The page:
The second day's ride was along the last completed stretch of the Great Allegheny Passage trail from Cumberland to Frostburg. I've ridden this trail west of Frostburg (my blog of that ride) and up in Fayette County, Pa, but this last 15 or so miles was just completed over the winter of 2006. It turned out to be a steeper grade than I expected, though, (I'd estimate 2-3%, more in some spots) and I ended up pooping out and turning around just 3 miles from Frostburg. Took me 2 hours and a whole lot of breaks to pedal 12 miles uphill, but only a bit over a half-hour to head back down.

In the mountains, along the tracks:

My trusty steed:

The evening consisted of a wander around Cumberland at dusk, then ordering room service and watching Spiderman III on pay-per-view.

Historic downtown Cumberland at dusk:

After cycling two days in a row, I weenied out of a third and headed back east a ways to Berkely Springs, WV. For the past several years, my Cumberland trips have begun with a massage at The Bath House (These pilgrimages may be solitary, but they are most definitely not ascetic). This year, though, all the time and money spent with the chiropractor made me feel I couldn't justify this particular luxury at this time. When my thighs turned to lead on the uphill to Frostburg, though, I changed my mind and decided to have myself kneaded into a lump of blissed-out clay after all.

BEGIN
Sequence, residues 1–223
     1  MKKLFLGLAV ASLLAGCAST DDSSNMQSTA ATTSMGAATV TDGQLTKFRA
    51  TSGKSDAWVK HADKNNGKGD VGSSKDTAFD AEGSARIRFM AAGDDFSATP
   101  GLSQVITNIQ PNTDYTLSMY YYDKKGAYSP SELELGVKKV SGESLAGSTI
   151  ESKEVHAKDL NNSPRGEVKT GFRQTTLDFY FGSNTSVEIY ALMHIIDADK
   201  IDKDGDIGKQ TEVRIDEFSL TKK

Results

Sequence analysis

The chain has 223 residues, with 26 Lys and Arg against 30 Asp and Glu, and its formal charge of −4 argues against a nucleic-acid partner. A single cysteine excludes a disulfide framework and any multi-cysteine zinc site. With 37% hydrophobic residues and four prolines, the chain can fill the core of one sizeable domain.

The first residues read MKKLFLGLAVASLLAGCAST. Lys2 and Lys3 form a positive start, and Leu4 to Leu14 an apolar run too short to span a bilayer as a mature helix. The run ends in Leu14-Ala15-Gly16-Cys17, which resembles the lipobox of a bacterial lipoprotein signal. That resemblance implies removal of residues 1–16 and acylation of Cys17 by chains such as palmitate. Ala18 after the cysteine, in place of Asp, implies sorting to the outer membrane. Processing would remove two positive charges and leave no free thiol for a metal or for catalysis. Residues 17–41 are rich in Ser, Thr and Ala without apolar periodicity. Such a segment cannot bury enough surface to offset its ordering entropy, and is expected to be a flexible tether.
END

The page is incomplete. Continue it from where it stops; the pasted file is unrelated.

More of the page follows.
After that, another indulgence-- Warm Brie, apple and almond salad at Tari's Cafe. And after that, I chose to partake in a bit of my favorite drug: Adrenaline, induced by high speed on smooth pavement. Instead of driving the highway back to Cumberland, I turned off to take a run up and down mountainous rural route 9 through WV. My trusty little Honda Civic flowed through the repeated 'S' curves like water, while Incubus cranked through the stereo. Brandon Boyd's no Chris Cornell (Edit 11/11/07: I've since changed that opinion), but he's got a sweet, fresh set of pipes nonetheless. A few choruses of "Nice to Know You", along with a couple of high-speed passes of slower pick-up trucks, and I was quite high.

After coming down, I spent the rest of the afternoon reading Rudyard Kipling at a table in front of the Mountain City Coffehouse in Frostburg (with Jasmine tea and Belgian waffle with chocolate chips for dinner). When I first began these trips, it was the Tombstone Cafe, a funky little coffee joint geared towards the local college kids. The tiny little building, next door to St. Michael's church, originally housed the town's headstone carver. It's been through a few incarnations over the last decade, ending up as Mountain City, which seems to cater less to the funky college crowd and more to their yuppie parents.